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AskTog, May 2009

Inclusive Design, Part 2

How to Achieve Inclusive Design

In Part One, I argued that accessibility should not focus just on the needs of the profoundly disabled, that well-crafted solutions can be of service to all. This new approach is called, “inclusive design” and it starts with organization.

Belorussian translation:

Team Approach

Accessibility is not something to be left to specialists hired to clean up our mess at the end. It should be a priority of the entire development team from the beginning. Yes, companies should definitely have accessibility people on-board, but they should act as much as educators and coaches as designers. Everyone on the development team must be aware of and responsive to the full spectrum of identified users if your product is to sell to the widest possible audience. That’s the only way to achieve inclusive design.

One way to ensure everyone understands is to hire people with disabilities. Not only will they take an active part in inclusive design, but, as team members get to know them, the team members will find that they naturally begin to address their new brethrens’ needs: It’s natural for people to take care of their own.


Inclusive design need not cost a lot of money, maybe none at all, and you can create compelling arguments that it will make your company money, just as it made OXO money with their Good Grips line of kitchen products, as I discussed in Part One. The biggest obstruction, then, is not resources, but mindset. You need to get your development team(s) thinking in a new way.

Set up a brainstorming session to consider how to incorporate inclusive design in your product lifecycle. Bring in not only the existing team, but one or more accessibility experts, including someone who has actually experienced a significant disability. Keep it free-form at the beginning by just creating lists of what kinds of people may use your product or service, including lists of strengths, limitations, likes, dislikes, etc. Also create lists of where they might use it, and what kinds of tasks they will want to accomplish.

Next, you can take the group through an analysis of how your current product or service fits the needs of the listed users today before launching into ideas that could both make it easier for people with significant disabilities to use the product, as well as making it easier for people with, in effect, temporary disabilities. (A temporary disability might be the inability to use an ASCII keyboard when driving a car at 60mph/100kmph.)

As the group considers the full range of expected users and environments, you'll see almost a magical shift in their thinking, and the ideas will flow.

One Inclusive Interface or Multiple Interfaces?

Your goal should be for the group to generate solutions that require only one inclusive interface, accessible to the widest range of users possible. The products I discussed in Part One, such as Good Grips from OXO and SimpleHuman's household products exemplify this.

Often, however, a single interface that solves all problems simply isn’t possible. For example, the keypad on a cellphone is a great input device when you’re not driving. Voice command tends to be slower and less accurate, and you sound like a fool standing in a store, for example, trying to enter a phone number by saying, “eight zero zero four two back BACK two BACK BACK! I said 'TWO,' you blooming idiot!...” However, when you’re speeding down the road, already trying to steer and eat at the same time, voice command can literally save your life.

Even in the most stable expected environments, parallel interfaces may be the right solution. For example, with traditional office applications, creating a parallel keyboard interface to the primary mouse interface is often the best solution for broadening the range of users your product will support. It is a particularly good approach for people with severe visual limitations because all targets are in a stable, predictable location. (Voice is also a good approach.)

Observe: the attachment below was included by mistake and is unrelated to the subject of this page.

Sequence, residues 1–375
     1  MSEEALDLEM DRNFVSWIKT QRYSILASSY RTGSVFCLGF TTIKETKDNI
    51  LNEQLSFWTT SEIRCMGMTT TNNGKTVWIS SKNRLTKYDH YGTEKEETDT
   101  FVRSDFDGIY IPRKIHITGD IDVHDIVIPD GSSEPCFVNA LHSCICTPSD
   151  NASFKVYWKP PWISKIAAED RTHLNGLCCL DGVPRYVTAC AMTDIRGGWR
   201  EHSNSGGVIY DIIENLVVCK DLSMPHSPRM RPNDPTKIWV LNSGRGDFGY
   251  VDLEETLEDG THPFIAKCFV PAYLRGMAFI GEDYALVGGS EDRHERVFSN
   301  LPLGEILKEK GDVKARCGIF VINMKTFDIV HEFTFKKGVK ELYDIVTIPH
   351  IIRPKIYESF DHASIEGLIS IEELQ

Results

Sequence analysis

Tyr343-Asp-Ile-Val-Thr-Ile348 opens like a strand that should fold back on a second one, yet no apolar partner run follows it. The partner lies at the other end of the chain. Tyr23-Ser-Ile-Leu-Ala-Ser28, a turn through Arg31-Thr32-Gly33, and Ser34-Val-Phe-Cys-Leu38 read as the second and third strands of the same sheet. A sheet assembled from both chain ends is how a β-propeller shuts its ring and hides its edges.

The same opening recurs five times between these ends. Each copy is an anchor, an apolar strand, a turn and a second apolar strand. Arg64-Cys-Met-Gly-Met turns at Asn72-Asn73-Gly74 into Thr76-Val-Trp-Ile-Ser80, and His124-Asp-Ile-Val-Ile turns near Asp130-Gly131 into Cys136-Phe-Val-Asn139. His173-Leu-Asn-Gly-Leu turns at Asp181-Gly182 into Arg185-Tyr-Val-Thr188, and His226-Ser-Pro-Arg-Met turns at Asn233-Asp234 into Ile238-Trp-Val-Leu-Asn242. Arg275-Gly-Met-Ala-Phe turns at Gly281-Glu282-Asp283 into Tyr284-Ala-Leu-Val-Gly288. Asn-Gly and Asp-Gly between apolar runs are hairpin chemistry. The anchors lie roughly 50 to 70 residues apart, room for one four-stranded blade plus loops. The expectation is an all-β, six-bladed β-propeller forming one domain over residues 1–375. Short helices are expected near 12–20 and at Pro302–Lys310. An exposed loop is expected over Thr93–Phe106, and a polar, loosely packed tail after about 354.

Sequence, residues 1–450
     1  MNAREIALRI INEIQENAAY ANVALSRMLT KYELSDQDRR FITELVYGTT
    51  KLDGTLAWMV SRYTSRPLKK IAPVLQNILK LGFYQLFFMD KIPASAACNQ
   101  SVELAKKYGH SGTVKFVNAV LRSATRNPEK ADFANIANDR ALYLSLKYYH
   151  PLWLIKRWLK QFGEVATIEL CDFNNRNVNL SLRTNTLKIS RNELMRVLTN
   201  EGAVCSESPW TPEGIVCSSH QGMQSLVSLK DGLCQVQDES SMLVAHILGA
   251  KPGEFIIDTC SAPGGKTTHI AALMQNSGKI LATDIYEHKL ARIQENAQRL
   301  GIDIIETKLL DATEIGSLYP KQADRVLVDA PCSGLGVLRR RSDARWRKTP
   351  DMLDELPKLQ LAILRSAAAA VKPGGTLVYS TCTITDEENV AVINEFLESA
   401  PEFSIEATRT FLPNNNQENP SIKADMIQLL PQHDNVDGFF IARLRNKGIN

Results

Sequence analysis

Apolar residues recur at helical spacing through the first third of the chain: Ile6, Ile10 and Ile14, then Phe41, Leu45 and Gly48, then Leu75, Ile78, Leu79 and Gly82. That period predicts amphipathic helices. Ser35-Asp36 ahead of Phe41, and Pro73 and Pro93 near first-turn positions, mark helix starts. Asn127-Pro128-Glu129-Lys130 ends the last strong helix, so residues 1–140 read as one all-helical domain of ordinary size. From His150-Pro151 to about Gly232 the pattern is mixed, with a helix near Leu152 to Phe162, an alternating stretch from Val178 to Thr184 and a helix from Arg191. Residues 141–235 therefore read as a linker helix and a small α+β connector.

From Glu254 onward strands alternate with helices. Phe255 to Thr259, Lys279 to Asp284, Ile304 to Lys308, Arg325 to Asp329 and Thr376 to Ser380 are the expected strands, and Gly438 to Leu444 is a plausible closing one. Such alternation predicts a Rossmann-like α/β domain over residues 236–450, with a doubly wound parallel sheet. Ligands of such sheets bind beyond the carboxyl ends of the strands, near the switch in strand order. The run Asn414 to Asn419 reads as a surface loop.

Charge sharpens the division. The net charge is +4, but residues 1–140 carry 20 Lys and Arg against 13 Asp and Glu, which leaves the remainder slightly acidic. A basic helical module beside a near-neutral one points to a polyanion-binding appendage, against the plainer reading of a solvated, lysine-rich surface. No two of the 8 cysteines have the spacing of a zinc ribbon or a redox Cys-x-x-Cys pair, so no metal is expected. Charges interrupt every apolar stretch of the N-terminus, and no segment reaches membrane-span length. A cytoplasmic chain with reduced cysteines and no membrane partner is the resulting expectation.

Any such parallel interfaces, however, should always augment, not replace, the interface that is customary and comfortable. Two hazards to be aware of: Engineers, contrary to almost everyone else on earth, prefer keyboards, and working on esoteric interfaces, like voice, can be more fun. The lists of users you developed early in the brainstorming session will help keep people focussed on making the interface inclusive for everyone, not just the people in the room.

Work with Marketing to Sell the Design

After the brainstorm is over, and you’ve come up with a solid proposal for a redesign, it is time to sell it. Meet with your marketing people and have them help you craft a case that covers how much inclusive design will impact the project in terms of resources and schedules vs. how many more people you will attract to the end result. Come up with dollar figures and see if they come out in your favor. (MBAs in the USA, in particular, have been trained that the only thing that matters is making as much money as possible in the next 90 days.)

In the past, so often our only successful argument has been that it will cost a lot less money to do the right thing than to get sued. However, going for inclusive design, rather than the usual spotty approach of adding features only for people with profound disabilities, will often truly end up making money, sometimes big money. If your designs are inspired, you’ll be able to make that case, and your company will take a new direction with surprisingly little prodding.

Iinclusive design is really a mindset, rather than a separate set of design principles. As the following case studies will illustrate, if you just start with the simple exercise I suggested of listing and discussing the range of users and the range of environments they may encounter, you will automatically begin to make choices that will be attractive to all.

Learn from these companies, and present these case studies as evidence of the importance of launching your own inclusive-design effort.

Case Study: Sony Betamax Surprise: "Logic" Can’t Replace User Observation

By the early 1970s, Sony was offering raised symbols on their audio tape player piano-key-style keyboards, so that people who were blind could feel their way among the keys. This was an accessibility feature aimed at a very specific group of the disabled, if available to all.

In 1975, Sony released the Betamax VCR. It, like the audio tape players, had a series of piano-style keys labelled play, rewind, fast forward, etc. However, it didn’t have the raised symbols. Duh! People who are blind don’t use Video Cassette Recorders!

All of a sudden, experienced Sony users found themselves repeatedly pressing the wrong keys on their new machines. They didn’t even understand what was happening. They had never made these mistakes with their Sony audio players.

Guess what? Everyone had been making good use of the raised symbols on the Sony keys, including those with perfect vision. Not only did the raised symbols help in darkened rooms, they helped with the lights on, because people using VCR keys are looking at the screen to judge the results, not at the keys they're pressing.